Baixa is considered one of the most central districts in Lisbon. Its main street separates Praça do Comércio from the Rossio. A fantastic monument that you won’t be able to miss is Baixa’s Triumphal Arch, which leads to Rua Augusta, a street lined with clothing stores. You can also ride the Santa Justa Lift in Baixa, to avoid walking up Carmo Hill, and to get a beautiful view of the city.
Chiado, Lisbon’s shopping district, is home to the world’s oldest bookstore, the Bertrand Bookshop, theaters, restaurants, and a great boutique called Vista Alegre, where visitors can buy porcelain and china.
To the west of Chiado is where you’ll find the hilltop neighborhood of Bairro Alto. This is THE place for nightlife in Lisbon, so if you are looking to party while in the capital, this is a great place to stay. Its infamous pink street is where visitors and locals gather to stay out all night. Otherwise, you can consider Campo de Ourique, which is more residential and family-oriented. Another residential area that you could stay in would be Principe Real. It is Lisbon’s most LGBTQ friendly area, and has a great park and plenty of fashion boutiques.
If you’re on a quest for more nightlife, consider Cais do Sodré, an area known for being a public transportation hub. From Cais do Sodré, you can access Lisbon’s neighboring beaches and cities, as well as take a ferry ride that crosses the Rio Tejo. If you’re looking to grab a bite to eat, consider stopping at the TimeOut Market where you can find not only Portuguese specialties, but also world food.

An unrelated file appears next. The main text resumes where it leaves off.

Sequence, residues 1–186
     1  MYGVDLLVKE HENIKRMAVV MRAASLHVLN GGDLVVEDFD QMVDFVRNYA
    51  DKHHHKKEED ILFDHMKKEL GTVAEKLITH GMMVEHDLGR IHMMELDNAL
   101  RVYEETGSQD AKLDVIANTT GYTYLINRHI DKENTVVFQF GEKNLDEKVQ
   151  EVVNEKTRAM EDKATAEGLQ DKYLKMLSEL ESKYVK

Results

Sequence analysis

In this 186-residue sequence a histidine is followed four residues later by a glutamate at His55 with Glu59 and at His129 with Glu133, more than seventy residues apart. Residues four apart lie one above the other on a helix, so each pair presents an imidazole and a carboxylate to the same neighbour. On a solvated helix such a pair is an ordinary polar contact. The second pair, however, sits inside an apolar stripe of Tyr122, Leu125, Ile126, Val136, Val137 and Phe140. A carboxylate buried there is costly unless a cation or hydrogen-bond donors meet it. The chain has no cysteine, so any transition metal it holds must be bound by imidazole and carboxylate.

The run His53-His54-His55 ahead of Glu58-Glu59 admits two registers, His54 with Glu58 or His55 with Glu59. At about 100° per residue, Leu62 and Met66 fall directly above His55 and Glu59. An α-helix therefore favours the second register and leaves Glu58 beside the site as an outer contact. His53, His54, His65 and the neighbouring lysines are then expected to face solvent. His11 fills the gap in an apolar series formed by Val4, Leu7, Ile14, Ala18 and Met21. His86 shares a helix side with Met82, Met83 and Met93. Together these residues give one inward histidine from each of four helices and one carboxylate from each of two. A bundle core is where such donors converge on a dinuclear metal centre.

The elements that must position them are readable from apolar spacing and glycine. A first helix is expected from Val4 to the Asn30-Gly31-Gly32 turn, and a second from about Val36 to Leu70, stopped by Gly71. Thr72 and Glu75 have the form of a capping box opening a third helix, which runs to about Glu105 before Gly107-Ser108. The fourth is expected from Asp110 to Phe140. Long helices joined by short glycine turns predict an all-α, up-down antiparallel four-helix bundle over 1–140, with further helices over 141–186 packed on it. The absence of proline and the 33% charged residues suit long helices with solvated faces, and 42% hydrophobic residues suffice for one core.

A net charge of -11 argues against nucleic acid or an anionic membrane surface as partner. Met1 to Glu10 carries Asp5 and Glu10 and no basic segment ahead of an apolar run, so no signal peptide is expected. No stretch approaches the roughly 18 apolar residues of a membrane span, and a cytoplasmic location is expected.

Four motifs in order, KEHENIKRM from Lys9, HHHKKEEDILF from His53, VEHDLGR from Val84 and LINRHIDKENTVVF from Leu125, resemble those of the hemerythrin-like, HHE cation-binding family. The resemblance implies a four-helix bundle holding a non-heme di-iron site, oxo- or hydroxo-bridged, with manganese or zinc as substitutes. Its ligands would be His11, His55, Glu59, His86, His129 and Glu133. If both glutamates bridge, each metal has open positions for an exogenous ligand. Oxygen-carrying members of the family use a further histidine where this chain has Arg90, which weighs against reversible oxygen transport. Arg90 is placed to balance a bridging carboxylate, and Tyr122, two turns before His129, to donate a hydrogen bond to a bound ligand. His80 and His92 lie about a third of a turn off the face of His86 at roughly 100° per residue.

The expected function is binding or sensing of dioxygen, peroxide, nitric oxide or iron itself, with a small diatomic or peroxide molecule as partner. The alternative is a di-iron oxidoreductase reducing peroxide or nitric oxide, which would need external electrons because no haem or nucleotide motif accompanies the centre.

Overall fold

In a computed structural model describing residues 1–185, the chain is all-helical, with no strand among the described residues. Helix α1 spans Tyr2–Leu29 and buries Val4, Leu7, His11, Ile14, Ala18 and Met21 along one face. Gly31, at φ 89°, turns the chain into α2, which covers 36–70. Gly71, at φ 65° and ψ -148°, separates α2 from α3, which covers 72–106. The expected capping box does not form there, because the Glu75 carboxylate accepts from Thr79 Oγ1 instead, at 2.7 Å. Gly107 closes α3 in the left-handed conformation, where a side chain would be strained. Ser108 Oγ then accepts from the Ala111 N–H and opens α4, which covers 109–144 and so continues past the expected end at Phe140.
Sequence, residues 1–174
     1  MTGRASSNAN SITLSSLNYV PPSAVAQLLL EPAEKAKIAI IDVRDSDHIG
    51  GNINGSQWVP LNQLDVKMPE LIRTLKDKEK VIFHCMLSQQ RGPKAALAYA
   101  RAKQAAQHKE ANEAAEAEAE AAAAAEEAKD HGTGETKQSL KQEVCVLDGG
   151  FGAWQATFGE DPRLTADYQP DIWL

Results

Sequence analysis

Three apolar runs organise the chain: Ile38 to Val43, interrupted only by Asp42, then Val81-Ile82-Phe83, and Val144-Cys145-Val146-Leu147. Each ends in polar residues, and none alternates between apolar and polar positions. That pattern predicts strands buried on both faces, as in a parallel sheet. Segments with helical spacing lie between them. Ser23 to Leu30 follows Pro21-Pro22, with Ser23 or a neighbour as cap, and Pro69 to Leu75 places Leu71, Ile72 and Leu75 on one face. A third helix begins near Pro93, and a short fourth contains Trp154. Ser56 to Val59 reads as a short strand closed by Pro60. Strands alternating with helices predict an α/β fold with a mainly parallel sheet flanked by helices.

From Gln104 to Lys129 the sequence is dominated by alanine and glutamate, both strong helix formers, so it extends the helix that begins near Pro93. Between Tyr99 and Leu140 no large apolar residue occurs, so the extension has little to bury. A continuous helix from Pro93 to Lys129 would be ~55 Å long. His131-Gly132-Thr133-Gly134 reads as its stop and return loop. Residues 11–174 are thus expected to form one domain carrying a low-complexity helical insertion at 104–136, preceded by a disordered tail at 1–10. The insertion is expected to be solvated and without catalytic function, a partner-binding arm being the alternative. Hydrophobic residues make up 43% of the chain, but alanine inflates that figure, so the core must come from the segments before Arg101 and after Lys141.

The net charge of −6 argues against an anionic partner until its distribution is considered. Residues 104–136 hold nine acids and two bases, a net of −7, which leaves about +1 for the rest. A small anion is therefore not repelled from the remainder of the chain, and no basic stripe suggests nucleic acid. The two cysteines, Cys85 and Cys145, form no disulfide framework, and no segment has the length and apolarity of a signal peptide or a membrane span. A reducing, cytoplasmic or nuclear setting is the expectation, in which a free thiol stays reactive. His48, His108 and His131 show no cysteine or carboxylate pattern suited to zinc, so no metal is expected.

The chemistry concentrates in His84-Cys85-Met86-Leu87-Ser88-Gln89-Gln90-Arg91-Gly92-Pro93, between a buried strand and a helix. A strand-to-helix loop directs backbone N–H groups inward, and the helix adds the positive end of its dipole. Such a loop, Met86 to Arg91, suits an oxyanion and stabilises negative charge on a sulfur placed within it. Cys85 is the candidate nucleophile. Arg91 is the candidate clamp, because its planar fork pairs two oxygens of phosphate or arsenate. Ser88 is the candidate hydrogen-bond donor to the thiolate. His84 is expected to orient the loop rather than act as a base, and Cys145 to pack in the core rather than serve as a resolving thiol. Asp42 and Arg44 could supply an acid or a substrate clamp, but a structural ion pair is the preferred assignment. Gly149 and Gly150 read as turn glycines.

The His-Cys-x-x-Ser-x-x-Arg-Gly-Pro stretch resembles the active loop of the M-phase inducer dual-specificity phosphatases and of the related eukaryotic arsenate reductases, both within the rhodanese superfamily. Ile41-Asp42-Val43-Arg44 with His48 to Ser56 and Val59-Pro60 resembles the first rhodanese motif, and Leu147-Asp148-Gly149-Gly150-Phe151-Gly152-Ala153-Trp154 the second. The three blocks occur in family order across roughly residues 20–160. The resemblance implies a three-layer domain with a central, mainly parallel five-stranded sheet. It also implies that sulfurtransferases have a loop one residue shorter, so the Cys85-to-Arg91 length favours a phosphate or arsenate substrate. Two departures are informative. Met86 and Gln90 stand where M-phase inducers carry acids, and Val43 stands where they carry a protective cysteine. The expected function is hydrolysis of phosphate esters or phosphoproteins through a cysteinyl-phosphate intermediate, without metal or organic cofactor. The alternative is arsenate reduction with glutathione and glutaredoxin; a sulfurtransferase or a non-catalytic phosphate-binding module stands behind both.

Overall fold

Alfama, Lisbon’s oldest neighborhood, is where you can get access to the Castelo São Jorge, although prepare yourself for a steep climb. It is also known for its Fado houses, so it would be a great idea for you to experience a dinner and traditional Fado singing in this area of the city. We recommend Clube de Fado, or, if you’d like to go more local A Baîuca, a small restaurant where locals come in to sing in front of guests. Also, look around for colorful azulejos in Alfama, and possibly visit Casa dos Bicos, a 16th century house whose façade is covered with diamond-shaped stones.
Between the center of Lisbon and Belém is the area of Alcântra, which is Lisbon’s up-and-coming, trendy neighborhood. It features a strip of factories that have been transformed into restaurants and bars, so if you’re looking for hipster vibes, this is the place to go!
On your way to the beaches of Estoril, to the west of Lisbon’s center, is where you’ll find Belém. Many of Lisbon’s monuments and museums can be found here, including the Jeronimos Monastery, and the National Coach Museum. You can also get a breathtaking view of the Rio Tejo in Belém, as it is where the river meets the sea. Be sure to visit the Tower of Belém, the Ages of Discovery monument, and grab a pastéis de nata from Pastéis de Belém before leaving Lisbon!